About Jerzy Gabryelski

Jerzy Gabryelski was born on October 30, 1906, in Lwów (Lvov). He completed his elementary education there as a youth. Being raised in the spirit of the great romantics, Mickiewicz, Slowacki and Krasicki, explains his attraction to the dramatic arts. He descended from sort of an artistic family, his father, Filip Gabryelski, owned a showroom and a piano factory. At the age of thirteen Gabryelski fought in the defense of Lwów, as Orlatko (an eaglet). While defending the city, he lost his parents. He was then raised by the Jesuit priests in Herów, nearby Cracow. His performing art studies began in Cracow. Soon he applied to and was accepted by the Instytut Sztuki Teatralnej (the Institute of Theatrical Arts) in Warsaw. Because of the amassed knowledge of literature, drama and acting abilities, he was allowed to skip the first year in the Institute. His written thesis, "Pierwiastek filmowy w utworach Stanisawa Wyspiaskiego" (The cinematographic element in the works of Stanislaw Wyspianski) demonstrates the abilities and imagination of the young graduate. He graduated with honors.

In the early thirties, Gabryelski was awarded a government scholarship to study in Paris, to pursue his graduate studies in film.  There, he worked in Studio Eclair, assisting Jean Renoir and Rene Clair. Toward the end of the three year‑long apprenticeship, he made a short anti-war, experimental, avant garde film "Les Bottes" (Boots)(1934).  The film was well received by the French critics and the press. As the result, he was offered work in Studio Eclair, the German company UFA, and American Warner Brothers. Instead, he chose to return to his fatherland.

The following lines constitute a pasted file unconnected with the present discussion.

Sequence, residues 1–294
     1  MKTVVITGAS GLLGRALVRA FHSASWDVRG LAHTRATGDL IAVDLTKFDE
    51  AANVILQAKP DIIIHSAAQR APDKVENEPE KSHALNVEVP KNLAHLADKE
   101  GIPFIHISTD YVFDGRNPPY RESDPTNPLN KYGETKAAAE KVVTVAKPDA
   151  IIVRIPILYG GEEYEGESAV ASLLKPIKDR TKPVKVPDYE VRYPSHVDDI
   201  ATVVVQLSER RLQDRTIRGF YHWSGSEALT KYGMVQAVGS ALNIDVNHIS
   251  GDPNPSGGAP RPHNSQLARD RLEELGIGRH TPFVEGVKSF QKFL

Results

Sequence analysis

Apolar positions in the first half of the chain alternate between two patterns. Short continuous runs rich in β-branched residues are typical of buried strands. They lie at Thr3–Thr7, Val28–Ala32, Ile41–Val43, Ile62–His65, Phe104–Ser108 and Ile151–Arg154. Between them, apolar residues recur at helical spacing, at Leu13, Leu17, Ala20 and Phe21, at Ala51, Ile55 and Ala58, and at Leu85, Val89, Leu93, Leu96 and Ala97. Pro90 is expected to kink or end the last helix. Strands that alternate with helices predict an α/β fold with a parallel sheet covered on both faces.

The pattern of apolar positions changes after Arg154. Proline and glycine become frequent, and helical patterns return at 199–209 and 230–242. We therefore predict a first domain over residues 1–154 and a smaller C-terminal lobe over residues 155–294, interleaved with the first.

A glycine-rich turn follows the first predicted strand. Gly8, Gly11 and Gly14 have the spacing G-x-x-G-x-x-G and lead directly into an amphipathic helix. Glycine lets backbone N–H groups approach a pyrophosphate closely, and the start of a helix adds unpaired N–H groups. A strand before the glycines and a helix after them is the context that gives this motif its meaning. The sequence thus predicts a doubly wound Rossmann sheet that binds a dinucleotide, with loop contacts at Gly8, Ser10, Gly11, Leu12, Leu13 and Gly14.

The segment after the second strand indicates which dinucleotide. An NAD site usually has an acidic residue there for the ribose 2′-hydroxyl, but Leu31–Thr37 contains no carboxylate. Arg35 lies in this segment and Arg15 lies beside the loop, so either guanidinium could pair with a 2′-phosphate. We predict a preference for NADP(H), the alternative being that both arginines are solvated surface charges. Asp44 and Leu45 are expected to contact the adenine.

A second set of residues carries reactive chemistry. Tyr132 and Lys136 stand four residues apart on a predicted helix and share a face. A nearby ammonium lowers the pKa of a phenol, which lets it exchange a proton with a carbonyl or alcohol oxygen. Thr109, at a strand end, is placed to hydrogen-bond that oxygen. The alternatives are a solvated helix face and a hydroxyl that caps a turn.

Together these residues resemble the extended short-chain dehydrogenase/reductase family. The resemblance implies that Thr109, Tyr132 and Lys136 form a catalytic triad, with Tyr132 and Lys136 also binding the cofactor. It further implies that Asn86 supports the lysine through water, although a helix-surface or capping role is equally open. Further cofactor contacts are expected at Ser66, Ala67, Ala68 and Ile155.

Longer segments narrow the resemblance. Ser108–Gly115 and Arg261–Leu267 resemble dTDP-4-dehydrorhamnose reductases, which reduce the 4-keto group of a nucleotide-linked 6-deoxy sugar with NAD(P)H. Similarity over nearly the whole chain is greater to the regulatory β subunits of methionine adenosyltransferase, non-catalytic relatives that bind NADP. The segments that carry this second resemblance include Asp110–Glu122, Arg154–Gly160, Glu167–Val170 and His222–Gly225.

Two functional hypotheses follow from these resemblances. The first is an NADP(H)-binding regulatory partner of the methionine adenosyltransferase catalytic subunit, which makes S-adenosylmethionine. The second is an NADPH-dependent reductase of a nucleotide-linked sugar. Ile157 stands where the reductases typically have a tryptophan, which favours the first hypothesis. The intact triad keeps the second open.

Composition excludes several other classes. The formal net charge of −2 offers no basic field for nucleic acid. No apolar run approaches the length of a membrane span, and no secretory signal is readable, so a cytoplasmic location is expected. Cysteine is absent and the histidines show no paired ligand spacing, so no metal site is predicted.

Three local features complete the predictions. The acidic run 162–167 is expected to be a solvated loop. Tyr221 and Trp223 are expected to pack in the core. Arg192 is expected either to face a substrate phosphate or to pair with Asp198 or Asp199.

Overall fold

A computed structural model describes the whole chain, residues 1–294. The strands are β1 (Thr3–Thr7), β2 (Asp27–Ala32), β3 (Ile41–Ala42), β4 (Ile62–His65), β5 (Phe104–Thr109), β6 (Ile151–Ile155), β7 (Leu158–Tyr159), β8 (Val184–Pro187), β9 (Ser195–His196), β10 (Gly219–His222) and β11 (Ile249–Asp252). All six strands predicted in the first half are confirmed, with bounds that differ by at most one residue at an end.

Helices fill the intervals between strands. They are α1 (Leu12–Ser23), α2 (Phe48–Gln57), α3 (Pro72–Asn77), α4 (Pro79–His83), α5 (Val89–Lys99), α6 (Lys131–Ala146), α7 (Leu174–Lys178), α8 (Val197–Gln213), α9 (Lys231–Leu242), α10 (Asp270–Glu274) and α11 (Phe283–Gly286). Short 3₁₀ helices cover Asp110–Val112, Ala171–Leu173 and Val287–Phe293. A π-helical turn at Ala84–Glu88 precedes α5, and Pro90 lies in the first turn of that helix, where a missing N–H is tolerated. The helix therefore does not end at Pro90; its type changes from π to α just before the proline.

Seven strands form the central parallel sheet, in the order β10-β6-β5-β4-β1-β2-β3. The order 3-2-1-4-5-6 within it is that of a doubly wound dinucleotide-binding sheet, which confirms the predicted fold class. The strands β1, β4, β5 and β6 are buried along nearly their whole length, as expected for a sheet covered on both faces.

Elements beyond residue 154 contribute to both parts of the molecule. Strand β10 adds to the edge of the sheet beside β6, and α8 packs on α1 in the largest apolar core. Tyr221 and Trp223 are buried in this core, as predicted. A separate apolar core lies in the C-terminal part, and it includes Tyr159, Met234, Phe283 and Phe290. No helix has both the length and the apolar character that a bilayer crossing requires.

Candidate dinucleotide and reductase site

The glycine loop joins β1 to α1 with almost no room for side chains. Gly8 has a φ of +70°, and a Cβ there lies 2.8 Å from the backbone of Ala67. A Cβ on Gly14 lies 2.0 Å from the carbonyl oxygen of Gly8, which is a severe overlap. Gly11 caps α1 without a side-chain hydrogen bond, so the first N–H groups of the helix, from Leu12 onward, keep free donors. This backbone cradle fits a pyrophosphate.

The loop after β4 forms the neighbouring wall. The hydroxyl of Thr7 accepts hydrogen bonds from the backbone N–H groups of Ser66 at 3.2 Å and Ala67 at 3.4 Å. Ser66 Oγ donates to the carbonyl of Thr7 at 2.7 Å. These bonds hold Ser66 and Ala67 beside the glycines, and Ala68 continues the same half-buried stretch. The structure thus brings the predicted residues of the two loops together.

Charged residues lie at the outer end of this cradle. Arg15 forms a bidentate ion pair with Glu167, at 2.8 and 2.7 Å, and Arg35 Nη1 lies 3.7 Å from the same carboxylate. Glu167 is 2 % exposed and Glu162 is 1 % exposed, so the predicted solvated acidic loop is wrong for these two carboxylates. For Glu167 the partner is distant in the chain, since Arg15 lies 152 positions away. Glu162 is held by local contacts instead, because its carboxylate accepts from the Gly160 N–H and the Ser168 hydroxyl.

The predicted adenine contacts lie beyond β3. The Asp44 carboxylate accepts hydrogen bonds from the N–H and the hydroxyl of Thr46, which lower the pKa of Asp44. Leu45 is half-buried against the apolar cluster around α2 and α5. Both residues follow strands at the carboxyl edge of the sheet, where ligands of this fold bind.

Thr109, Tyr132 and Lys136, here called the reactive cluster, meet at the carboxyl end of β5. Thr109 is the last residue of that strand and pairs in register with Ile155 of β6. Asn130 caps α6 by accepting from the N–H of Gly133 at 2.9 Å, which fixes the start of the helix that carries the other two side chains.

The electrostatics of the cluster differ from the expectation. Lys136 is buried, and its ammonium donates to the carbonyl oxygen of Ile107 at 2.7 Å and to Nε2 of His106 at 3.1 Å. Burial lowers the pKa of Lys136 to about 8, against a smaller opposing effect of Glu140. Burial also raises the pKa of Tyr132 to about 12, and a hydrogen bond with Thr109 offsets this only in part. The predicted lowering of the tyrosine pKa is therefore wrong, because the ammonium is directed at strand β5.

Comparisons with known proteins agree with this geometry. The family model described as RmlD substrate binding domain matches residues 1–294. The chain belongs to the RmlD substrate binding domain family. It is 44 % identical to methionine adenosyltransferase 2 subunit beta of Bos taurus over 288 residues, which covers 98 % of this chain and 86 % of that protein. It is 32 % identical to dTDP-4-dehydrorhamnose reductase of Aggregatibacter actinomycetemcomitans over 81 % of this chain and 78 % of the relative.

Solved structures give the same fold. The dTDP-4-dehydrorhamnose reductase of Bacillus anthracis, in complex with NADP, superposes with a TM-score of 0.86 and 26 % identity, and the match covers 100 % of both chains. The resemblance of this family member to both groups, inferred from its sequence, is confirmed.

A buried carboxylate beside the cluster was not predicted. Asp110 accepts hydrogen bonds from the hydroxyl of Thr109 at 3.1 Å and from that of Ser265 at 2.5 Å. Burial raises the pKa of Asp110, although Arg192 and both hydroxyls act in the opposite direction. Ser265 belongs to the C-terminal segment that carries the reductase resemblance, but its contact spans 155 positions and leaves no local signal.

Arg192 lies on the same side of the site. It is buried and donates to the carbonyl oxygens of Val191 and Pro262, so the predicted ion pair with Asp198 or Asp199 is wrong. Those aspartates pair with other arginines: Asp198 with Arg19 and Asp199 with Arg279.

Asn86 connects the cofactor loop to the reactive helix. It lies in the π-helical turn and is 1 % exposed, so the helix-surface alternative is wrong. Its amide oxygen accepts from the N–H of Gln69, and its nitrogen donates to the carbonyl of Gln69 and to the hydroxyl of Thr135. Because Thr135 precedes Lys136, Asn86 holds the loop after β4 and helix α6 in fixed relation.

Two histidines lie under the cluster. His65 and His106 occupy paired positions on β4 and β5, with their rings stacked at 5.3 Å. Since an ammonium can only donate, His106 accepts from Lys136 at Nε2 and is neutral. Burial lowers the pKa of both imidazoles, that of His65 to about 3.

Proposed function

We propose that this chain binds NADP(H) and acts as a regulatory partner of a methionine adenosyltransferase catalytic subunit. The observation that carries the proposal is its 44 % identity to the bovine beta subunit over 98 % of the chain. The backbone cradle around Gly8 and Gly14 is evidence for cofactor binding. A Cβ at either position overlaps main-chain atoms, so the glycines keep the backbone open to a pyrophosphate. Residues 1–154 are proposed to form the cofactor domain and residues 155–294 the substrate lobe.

After his return to Poland, Jerzy Gabryelski made two movies before the onset of World War II. "Cop‑Stalowa Wola" (1938) was a documentary, propaganda oriented movie about an industrial region in Poland. "Czarne diamenty" (1939) was a full length feature film about a struggle of Silesian miners to keep their mine from falling into the hands of foreign industrialists who only want to exploit the workers. This movie is maybe more relevant today than when it was made. The Encyklopedia Powszechna (PWN)(Universal Polish Encyclopedia) includes a following note about Jerzy Gabryelski:

Jerzy Gabryelski (1906‑1978), director, screen writer: received film training in Paris, where he made an experimental film "Buty" (1934); after return [to Poland] worked with government owned film production company "Kohorta"; there he directed documentary, "COP‑Stalowa Wola" (1938), and feature "Czarne diamenty" (1939)(not distributed) films; chronicler of the Warsaw Uprising; after the war was persecuted and banished from his profession; after 1956 directed documentary films...; emigrated to USA in 1964. (Translated from Polish). (Encyklopedia Polska, PWN, Warszawa 1995, t. II.)